• Furlough or severance pay
    • Payments required for the provisions of group health care benefits, including insurance premiums
    • Retirement benefits
    • State or local taxes assessed on the compensation of employees
  • But NOT including…
    • Compensation for any employee in excess of an annual salary of $100,000
    • Federal payroll taxes
    • Compensation for an employee whose principal place of residence is outside the U.S.

Note: The SBA has confirmed that you cannot include contractors when calculating payroll expenses (they're able to apply for separate funding under the CARES Act).


What timeframe should I use to calculate average monthly payroll expenses?

According to the CARES Act, your average monthly payroll expenses should be calculated across “the 1-year period before the date on which the loan is made.” The applications I've seen have indicated you can use the 2019 calendar year or more recent 12 month spans (e.g. April 2019-March 2020).

If your organization is relatively new and wasn’t in business between February 15, 2019 and June 30, 2019, you can use the period from January 2020-February 2020 to calculate the average instead.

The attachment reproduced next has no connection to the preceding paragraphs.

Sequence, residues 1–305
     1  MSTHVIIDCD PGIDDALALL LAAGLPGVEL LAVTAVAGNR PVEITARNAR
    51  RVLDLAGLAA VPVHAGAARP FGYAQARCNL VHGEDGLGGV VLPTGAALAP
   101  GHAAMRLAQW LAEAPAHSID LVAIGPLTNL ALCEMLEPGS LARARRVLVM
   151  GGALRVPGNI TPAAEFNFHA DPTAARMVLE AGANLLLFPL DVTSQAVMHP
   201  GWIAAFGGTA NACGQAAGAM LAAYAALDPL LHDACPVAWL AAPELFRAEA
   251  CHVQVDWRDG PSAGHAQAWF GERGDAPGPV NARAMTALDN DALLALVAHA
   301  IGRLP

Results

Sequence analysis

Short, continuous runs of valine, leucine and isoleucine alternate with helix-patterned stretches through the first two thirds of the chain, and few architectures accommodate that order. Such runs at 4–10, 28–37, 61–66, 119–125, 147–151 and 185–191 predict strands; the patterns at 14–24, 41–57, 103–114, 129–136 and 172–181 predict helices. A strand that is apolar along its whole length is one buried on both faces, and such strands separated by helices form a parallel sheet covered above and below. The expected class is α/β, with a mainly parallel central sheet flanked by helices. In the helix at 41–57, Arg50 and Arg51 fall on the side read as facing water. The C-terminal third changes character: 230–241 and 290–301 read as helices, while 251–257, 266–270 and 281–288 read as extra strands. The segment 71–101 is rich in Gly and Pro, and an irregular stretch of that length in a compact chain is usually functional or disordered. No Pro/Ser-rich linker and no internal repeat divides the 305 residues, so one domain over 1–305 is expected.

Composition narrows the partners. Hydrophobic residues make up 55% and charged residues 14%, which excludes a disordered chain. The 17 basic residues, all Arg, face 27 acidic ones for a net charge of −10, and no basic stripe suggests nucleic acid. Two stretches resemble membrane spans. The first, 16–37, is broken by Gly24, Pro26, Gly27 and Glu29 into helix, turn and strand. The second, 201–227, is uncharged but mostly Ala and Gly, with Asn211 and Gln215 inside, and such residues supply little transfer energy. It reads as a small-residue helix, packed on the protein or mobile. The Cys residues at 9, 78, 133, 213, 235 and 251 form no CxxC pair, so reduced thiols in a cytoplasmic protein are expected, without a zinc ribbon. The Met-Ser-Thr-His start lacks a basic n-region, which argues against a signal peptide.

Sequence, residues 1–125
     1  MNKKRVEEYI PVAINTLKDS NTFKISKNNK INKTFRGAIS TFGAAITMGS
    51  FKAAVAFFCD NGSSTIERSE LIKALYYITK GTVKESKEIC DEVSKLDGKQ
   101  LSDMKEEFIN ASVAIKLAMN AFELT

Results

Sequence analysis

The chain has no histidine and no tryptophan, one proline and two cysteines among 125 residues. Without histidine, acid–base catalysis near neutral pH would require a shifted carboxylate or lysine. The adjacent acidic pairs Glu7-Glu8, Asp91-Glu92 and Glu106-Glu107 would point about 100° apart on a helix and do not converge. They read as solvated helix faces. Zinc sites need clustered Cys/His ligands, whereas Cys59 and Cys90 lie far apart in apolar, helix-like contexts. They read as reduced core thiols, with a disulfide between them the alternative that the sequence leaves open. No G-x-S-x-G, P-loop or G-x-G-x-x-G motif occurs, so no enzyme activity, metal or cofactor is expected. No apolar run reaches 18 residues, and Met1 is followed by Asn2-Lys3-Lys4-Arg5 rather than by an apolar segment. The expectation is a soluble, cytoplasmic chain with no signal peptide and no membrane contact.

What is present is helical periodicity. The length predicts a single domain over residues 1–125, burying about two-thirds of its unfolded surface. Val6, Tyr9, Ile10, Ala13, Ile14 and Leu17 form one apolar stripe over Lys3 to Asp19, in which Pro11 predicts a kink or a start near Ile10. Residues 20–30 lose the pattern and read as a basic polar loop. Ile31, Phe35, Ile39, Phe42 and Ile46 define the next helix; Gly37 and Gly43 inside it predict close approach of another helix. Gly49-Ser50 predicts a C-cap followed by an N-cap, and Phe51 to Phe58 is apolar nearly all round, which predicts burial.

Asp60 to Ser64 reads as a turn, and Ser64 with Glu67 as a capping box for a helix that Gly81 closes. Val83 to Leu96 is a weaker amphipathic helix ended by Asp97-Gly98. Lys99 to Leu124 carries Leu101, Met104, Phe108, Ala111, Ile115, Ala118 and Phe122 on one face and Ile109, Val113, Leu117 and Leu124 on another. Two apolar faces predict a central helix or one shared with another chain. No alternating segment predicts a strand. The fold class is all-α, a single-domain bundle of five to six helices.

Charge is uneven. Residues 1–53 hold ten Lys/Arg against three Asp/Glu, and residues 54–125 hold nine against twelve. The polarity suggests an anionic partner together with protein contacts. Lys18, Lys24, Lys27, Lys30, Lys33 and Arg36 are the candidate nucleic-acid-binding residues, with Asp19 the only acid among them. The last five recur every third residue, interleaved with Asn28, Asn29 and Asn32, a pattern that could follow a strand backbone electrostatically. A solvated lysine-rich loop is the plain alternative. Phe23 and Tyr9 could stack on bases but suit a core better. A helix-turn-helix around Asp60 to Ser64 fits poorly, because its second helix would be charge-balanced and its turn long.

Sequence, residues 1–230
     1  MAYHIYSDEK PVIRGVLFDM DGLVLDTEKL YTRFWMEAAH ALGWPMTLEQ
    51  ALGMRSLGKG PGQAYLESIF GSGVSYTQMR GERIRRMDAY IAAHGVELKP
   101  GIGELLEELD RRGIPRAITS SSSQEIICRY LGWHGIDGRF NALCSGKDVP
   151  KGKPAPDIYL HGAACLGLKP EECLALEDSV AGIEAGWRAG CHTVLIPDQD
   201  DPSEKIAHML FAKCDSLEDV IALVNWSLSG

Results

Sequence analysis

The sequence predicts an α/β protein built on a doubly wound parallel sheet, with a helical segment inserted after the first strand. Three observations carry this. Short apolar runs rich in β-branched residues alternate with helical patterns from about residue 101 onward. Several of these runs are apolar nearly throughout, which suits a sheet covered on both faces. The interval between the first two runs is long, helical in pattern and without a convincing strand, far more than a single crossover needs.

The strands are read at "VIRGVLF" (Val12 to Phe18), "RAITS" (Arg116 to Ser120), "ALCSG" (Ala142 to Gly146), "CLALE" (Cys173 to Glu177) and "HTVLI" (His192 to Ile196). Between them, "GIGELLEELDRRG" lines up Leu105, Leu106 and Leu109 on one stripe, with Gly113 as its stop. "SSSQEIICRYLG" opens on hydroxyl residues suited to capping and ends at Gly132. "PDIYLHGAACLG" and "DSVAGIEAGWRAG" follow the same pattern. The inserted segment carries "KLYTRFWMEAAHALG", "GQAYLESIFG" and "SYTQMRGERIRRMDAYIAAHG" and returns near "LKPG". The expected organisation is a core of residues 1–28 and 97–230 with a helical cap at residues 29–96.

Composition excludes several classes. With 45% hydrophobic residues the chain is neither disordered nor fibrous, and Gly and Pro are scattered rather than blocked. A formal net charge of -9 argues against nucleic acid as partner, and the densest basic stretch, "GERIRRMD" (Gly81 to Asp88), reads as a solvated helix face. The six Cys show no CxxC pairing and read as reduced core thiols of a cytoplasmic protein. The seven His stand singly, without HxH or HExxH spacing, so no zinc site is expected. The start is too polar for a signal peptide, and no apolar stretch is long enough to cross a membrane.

Loan Forgiveness

You can apply for loan forgiveness up to the amount you spend on eligible expenses over an 8-week period (with some restrictions outlined below).


What is an eligible expense?

  • Payroll expenses (as defined above)
  • Mortgage interest payments
  • Rent
  • Utilities (electricity, gas, water, transportation, telephone, or internet)

Note: For mortgage interest payments, rent, and utilities to qualify, the relevant contracts must have been initiated prior to February 15, 2020.


When does the 8-week period start?

The day you get the money.


What restrictions apply to loan forgiveness?

The goal of this program is to incentivize keeping staff on payroll. The basic idea is that if you retain 100% of your workforce, you'll be forgiven for 100% of the money you spend on eligible expenses during that 8-week period. Similarly, if you retain 50% of your workforce, you'll be forgiven for 50% of such expenses.

If you’ve already laid off staff but rehire them (or hire equivalent new staff) by June 30, 2020, the above restrictions will be waived and you'll be forgiven for 100% of the money that you spend on eligible expenses during that 8-week period.